In the US, S&P 500 futures were 0.3% higher to start the new month. The benchmark index closed April with a gain of 5.2%, the biggest monthly gain since November.
Oil prices fell, as did 10-year Treasury bill yields. Markets were closed in London for a public holiday, and trading overall was moderate, with some countries marking the May 1 public holiday.
Investors may have inflation on their minds after investor Warren E. Buffett on Saturday spoke of the “bubbling” economy at the annual meeting of shareholders of the company he heads, Berkshire Hathaway.
Mr Buffett said the company has seen the cost of building materials rise. “We are seeing substantial inflation,” Mr. Buffet said.
Indeed, commodity shortages in several sectors, including construction, are causing price hikes, Alan Rappeport and Thomas Kaplan report in The New York Times. The tensions are the result of growing demand that is hampered by supply chain disruptions and Trump-era tariffs.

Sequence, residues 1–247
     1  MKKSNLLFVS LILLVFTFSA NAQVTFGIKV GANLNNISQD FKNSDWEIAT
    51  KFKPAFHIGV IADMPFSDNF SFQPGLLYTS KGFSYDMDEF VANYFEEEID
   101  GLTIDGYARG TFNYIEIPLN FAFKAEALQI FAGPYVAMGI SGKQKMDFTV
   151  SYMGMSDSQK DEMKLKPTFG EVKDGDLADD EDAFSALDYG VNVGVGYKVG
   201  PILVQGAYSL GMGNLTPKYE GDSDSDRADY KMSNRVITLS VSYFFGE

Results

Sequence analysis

Although the Federal Reserve has described the price increases as temporary and unlikely to get out of hand, pressure on the Biden administration to intervene could increase as it seeks a $ 2 trillion infrastructure investment program. dollars, a price that could increase depending on the cost of building the roads. , bridges and charging stations for electric vehicles are increasing.
European manufacturers are healthier
European manufacturing companies are reporting “huge increases in production and new orders,” according to the index report by IHS Markit’s purchasing manager for April.
The seasonally adjusted index hit 62.9 points, the highest since survey data became available in 1997, IHS Markit said Monday.